This afternoon, at AEI, Los Angeles Mayor Antonio Villaraigosa is visiting to discuss the challenges of urban school reform, how to drive school improvement in a time of shrinking revenues, and the lessons he’s learned in office. Villaraigosa, a longtime union organizer and former speaker of the California Assembly, was first elected mayor in 2005 and is now midway through his second term. As mayor, he’s broken some china and earned some scars--and I’m curious to hear what he has to say about all of it. Villaraigosa has been named the “charter dude of the year” by the National Alliance of Public Charter Schools (though, on second thought, that’s probably not the official honorific), and will actually be receiving his award at the end of the event.
L.A. is America’s second largest city and the LAUSD is America’s second largest school district, enrolling nearly 700,000 students and boasting a $7.3 billion dollar budget. Just this past May, schools chief John Deasy stopped by to talk about his efforts. (You can check out the video of that event here.) Deasy described a district wrestling with overcrowding, failing schools; a high school dropout rate of nearly 30 percent; and a massive budget shortfall. In the face of these challenges, Villaraigosa and Deasy have won some impressive plaudits. Just last month, the LA Times wrote, “Villaraigosa has long demonstrated the capacity to think big,” and the Times previously opined, “Los Angeles Mayor Antonio Villaraigosa has been a constant salesman on the topic of public schools.” A few years ago, Time magazine named him one of the top 25 most influential Hispanics in America.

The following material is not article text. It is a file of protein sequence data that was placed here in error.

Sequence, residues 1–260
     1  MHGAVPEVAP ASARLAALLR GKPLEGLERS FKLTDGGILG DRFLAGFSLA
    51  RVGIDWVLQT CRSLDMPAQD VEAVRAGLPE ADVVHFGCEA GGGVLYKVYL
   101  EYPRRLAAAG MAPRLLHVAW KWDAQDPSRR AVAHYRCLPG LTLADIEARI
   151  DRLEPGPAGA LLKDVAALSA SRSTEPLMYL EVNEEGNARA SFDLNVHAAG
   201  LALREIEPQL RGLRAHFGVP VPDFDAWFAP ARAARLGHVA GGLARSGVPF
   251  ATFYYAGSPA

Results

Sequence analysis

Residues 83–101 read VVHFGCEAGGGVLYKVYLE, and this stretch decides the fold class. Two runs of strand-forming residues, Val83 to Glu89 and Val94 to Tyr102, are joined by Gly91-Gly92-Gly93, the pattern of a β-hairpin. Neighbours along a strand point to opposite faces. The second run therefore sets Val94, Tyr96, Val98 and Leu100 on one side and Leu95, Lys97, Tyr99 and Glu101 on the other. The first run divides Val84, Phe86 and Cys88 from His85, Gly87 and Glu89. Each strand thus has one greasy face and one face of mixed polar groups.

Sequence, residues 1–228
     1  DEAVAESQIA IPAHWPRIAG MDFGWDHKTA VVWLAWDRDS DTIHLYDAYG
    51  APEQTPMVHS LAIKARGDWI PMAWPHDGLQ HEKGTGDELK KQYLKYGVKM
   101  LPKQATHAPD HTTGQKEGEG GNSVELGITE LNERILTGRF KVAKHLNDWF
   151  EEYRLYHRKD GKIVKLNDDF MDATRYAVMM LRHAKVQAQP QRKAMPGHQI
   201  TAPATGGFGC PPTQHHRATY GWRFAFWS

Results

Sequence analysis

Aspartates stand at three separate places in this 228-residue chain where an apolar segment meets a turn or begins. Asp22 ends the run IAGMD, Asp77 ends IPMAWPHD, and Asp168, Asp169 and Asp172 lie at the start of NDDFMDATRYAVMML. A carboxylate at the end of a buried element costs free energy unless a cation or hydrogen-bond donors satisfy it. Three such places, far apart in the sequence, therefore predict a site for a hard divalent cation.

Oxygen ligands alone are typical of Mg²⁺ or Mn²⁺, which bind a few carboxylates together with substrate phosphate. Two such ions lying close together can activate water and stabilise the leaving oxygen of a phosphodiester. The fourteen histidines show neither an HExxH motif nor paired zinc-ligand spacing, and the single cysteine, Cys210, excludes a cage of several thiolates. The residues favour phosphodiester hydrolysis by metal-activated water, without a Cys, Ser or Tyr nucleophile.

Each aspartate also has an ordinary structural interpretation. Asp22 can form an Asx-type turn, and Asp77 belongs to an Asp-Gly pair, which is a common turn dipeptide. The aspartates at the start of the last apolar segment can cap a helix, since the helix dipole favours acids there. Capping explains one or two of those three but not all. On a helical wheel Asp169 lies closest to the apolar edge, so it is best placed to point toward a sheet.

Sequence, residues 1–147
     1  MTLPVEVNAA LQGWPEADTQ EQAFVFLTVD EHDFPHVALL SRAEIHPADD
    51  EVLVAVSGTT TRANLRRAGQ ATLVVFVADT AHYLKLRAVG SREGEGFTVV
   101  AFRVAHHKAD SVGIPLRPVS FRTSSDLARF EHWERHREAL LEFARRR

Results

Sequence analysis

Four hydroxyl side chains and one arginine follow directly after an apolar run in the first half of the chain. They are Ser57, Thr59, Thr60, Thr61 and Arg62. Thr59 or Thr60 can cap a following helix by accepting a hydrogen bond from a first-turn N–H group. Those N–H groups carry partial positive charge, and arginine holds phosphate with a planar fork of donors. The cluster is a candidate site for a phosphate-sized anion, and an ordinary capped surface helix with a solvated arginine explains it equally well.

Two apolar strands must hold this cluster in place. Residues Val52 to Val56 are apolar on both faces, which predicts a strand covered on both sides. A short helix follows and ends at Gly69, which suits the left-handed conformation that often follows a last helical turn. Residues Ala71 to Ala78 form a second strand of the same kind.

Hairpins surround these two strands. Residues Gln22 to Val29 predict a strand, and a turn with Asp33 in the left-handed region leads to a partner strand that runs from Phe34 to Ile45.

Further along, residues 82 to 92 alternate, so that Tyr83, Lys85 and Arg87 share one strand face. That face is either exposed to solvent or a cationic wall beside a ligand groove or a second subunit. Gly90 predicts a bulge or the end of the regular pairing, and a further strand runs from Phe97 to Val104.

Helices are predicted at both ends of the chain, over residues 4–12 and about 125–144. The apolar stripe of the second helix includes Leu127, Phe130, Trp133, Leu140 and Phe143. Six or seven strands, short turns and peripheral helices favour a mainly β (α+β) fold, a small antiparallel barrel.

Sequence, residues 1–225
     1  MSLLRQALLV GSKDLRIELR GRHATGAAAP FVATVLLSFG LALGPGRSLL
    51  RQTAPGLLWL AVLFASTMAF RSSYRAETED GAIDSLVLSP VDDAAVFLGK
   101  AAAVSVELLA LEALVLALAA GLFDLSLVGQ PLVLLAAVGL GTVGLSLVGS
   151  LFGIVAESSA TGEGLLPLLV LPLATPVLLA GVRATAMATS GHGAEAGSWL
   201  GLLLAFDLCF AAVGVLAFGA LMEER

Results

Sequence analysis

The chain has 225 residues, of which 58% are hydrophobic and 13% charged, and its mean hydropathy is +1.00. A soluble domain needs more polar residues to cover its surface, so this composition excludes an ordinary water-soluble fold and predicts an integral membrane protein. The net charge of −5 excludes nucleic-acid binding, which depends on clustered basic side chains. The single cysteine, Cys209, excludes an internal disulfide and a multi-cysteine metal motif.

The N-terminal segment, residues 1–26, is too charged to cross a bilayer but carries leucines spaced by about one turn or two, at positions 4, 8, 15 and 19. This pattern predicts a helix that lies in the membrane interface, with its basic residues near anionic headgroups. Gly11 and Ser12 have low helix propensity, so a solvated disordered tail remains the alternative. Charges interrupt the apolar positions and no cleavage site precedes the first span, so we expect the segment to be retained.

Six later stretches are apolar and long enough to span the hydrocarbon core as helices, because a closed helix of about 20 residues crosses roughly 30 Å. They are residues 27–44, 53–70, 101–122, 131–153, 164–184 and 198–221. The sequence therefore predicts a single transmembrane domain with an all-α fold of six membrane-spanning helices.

Recently named president of the US Conference of Mayors, Villaraigosa is aiming to bring renewed urgency to urban school improvement. He’s said he wants the Conference to take “the lead on the cutting issue of education reform.” The event kicks off at 1:00pm Eastern time today. If you’re in D.C., you can see it live at our digs over at 17th and M. Otherwise, you can catch the livestream here.
The opinions expressed in Rick Hess Straight Up are strictly those of the author(s) and do not reflect the opinions or endorsement of Editorial Projects in Education, or any of its publications.